9.4 Goodness-of-Fit Tests 326
9.4.1 Chi-Square Test 327
9.4.2 Chi-Square Test with Equal Probabilities 329
9.4.3 Kolmogorov—Smirnov Goodness-of-Fit Test 331
9.4.4 p-Values and “Best Fits” 333
9.5 Fitting a Nonstationary Poisson Process 334
9.6 Selecting Input Models without Data 335
9.7 Multivariate and Time-Series Input Models 337
9.7.1 Covariance and Correlation 337
9.7.2 Multivariate Input Models 338
9.7.3 Time-Series Input Models 340
9.7.4 The Normal-to-Anything Transformation 342
9.8 Summary 344
References 345
Exercises 346
Chapter 10 Verification and Validation of Simulation Models 354
10.1 Model-Building, Verification, and Validation 355
10.2 Verification of Simulation Models 356
10.3 Calibration and Validation of Models 361
10.3.1 Face Validity 362
10.3.2 Validation of Model Assumptions 362
10.3.3 Validating Input—Output Transformations 363
10.3.4 Input—Output Validation: Using Historical Input Data 374
10.3.5 Input—Output Validation: Using a Turing Test 378
10.4 Summary 379
References 379
Exercises 381
Chapter 11 Output Analysis for a Single Model 383
11.1 Types of Simulations with Respect to Output Analysis 384
11.2 Stochastic Nature of Output Data 387
11.3 Measures of Performance and Their Estimation 390
11.3.1 Point Estimation 390
11.3.2 Confidence-Interval Estimation 392
11.4 Output Analysis for Terminating Simulations 393
11.4.1 Statistical Background 394
11.4.2 Confidence Intervals with Specified Precision 397
11.4.3 Quantiles 399
11.4.4 Estimating Probabilities and Quantiles from Summary Data 400
11.5 Output Analysis for Steady-State Simulations 402
11.5.1 Initialization Bias in Steady-State Simulations 403
11.5.2 Error Estimation for Steady-State Simulation 409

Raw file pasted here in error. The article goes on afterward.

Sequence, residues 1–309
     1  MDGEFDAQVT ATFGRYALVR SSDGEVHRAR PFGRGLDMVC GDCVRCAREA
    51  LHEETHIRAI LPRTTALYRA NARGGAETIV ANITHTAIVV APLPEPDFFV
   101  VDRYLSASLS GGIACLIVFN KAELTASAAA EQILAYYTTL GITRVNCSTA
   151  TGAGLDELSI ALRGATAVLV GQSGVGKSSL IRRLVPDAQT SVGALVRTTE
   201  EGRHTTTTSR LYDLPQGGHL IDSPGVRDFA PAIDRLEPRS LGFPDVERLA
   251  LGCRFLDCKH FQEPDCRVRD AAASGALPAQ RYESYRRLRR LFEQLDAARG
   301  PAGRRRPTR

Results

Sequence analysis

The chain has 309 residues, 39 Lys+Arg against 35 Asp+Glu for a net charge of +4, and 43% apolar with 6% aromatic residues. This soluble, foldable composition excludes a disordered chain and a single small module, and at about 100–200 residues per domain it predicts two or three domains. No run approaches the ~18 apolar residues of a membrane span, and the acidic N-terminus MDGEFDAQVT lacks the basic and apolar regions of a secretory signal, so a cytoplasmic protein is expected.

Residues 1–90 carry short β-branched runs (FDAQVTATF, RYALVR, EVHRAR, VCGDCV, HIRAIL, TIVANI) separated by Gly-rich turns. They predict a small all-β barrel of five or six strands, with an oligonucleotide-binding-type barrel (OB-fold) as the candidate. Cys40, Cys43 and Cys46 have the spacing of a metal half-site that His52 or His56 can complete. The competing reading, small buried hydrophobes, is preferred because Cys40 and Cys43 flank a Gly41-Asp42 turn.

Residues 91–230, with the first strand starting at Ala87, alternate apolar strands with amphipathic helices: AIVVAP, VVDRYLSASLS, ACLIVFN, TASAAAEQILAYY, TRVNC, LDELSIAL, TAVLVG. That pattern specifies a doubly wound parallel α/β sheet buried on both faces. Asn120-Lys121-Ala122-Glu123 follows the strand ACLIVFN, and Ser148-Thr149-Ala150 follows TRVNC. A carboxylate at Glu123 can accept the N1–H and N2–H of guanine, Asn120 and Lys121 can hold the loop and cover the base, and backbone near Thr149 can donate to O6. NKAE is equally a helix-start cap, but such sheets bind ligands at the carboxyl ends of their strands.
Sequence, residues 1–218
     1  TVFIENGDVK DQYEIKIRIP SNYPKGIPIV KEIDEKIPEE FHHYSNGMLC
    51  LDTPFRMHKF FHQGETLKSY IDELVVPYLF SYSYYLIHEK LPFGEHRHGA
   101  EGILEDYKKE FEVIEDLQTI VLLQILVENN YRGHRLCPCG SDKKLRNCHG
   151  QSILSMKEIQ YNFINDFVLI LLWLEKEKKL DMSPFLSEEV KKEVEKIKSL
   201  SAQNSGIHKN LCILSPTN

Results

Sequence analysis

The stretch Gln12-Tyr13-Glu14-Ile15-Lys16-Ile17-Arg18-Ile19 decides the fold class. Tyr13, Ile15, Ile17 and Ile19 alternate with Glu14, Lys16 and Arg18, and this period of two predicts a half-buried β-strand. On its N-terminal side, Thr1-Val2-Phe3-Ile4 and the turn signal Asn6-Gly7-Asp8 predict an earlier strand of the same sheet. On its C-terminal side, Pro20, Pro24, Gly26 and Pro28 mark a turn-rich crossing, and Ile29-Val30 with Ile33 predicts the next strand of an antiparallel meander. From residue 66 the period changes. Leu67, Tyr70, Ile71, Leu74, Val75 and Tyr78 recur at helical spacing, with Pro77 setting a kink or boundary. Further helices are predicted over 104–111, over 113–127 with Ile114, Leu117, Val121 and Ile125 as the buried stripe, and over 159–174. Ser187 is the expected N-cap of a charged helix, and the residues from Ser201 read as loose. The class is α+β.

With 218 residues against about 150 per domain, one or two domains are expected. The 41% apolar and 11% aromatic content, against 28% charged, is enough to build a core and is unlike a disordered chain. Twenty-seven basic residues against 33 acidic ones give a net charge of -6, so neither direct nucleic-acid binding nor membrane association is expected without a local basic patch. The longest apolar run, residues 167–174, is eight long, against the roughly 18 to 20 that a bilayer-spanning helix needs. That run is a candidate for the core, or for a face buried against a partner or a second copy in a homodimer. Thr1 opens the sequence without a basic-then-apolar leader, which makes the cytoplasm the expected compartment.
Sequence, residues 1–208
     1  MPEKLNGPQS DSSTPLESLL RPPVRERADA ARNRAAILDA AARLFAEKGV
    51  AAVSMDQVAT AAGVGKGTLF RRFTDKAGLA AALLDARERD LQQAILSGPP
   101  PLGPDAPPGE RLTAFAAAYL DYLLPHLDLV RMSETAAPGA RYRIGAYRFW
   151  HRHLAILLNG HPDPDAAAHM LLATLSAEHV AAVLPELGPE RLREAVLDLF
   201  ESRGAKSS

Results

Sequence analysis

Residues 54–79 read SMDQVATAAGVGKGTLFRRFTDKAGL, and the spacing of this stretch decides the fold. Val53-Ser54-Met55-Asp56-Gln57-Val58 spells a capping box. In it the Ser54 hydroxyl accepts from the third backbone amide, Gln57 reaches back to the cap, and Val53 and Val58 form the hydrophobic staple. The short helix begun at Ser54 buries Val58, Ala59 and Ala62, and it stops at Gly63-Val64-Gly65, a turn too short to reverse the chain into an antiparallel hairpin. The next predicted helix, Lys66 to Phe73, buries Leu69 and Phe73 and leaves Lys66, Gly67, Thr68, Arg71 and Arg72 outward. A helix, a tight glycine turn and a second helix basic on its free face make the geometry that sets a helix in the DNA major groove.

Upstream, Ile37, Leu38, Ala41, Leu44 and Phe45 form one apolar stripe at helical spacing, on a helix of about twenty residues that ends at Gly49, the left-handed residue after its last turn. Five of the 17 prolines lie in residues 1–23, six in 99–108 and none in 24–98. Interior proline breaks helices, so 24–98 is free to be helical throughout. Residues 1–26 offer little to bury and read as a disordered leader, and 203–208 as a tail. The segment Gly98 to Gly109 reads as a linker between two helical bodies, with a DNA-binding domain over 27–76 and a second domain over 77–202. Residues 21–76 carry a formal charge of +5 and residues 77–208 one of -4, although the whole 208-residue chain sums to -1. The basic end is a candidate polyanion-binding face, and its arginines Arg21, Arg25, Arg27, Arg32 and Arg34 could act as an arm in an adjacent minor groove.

11.5.3 Replication Method for Steady-State Simulations 413
11.5.4 Sample Size in Steady-State Simulations 417
11.5.5 Batch Means for Interval Estimation in Steady-State Simulations 418
11.5.6 Quantiles 422
11.6 Summary 423
References 423
Exercises 424
Chapter 12 Comparison and Evaluation of Alternative System Designs 432
12.1 Comparison of Two System Designs 433
12.1.1 Independent Sampling with Equal Variances 436
12.1.2 Independent Sampling with Unequal Variances 438
12.1.3 Common Random Numbers (CRN) 438
12.1.4 Confidence Intervals with Specified Precision 446
12.2 Comparison of Several System Designs 448
12.2.1 Bonferroni Approach to Multiple Comparisons 449
12.2.2 Bonferroni Approach to Selecting the Best 454
12.2.3 Bonferroni Approach to Screening 457
12.3 Metamodeling 458
12.3.1 Simple Linear Regression 459
12.3.2 Testing for Significance of Regression 463
12.3.3 Multiple Linear Regression 466
12.3.4 Random-Number Assignment for Regression 466
12.4 Optimization via Simulation 467
12.4.1 What Does ‘Optimization via Simulation’ Mean? 468
12.4.2 Why is Optimization via Simulation Difficult? 469
12.4.3 Using Robust Heuristics 470
12.4.4 An Illustration: Random Search 473
12.5 Summary 476
References 476
Exercises 477
V Applications 483
Chapter 13 Simulation of Manufacturing and Material-Handling Systems 485
13.1 Manufacturing and Material-Handling Simulations 486
13.1.1 Models of Manufacturing Systems 486
13.1.2 Models of Material-Handling 487
13.1.3 Some Common Material-Handling Equipment 488
13.2 Goals and Performance Measures 489
13.3 Issues in Manufacturing and Material-Handling Simulations 490
13.3.1 Modeling Downtimes and Failures 491
13.3.2 Trace-Driven Models 495
13.4 Case Studies of the Simulation of Manufacturing and Material-Handling Systems 496
13.5 Manufacturing Example: A Job-Shop Simulation 499
13.5.1 System Description and Model Assumptions 499
13.5.2 Presimulation Analysis 502
13.5.3 Simulation Model and Analysis of the Designed System 503
13.5.4 Analysis of Station Utilization 503
13.5.5 Analysis of Potential System Improvements 504
13.5.6 Concluding Words 506
13.6 Summary 506
References 506
Exercises 507
Chapter 14 Simulation of Computer Systems 517
14.1 Introduction 517
14.2 Simulation Tools 520
14.2.1 Process Orientation 522
14.2.2 Event Orientation 524
14.3 Model Input 525
14.3.1 Modulated Poisson Process 526
14.3.2 Virtual-Memory Referencing 528
14.4 High-Level Computer-System Simulation 534
14.5 CPU Simulation 538
14.6 Memory Simulation 543
14.7 Summary 546
References 546
Exercises 547
Chapter 15 Simulation of Computer Networks 550
15.1 Introduction 550
15.2 Traffic Modeling 552
15.3 Media Access Control 555
15.3.1 Token-Passing Protocols 556
15.3.2 Ethernet 559
15.4 Data Link Layer 561
15.5 TCP 562
15.6 Model Construction 569
15.6.1 Construction 569
15.6.2 Example 571
15.7 Summary 573
References 574
Exercises 574
Appendix 576
Index 591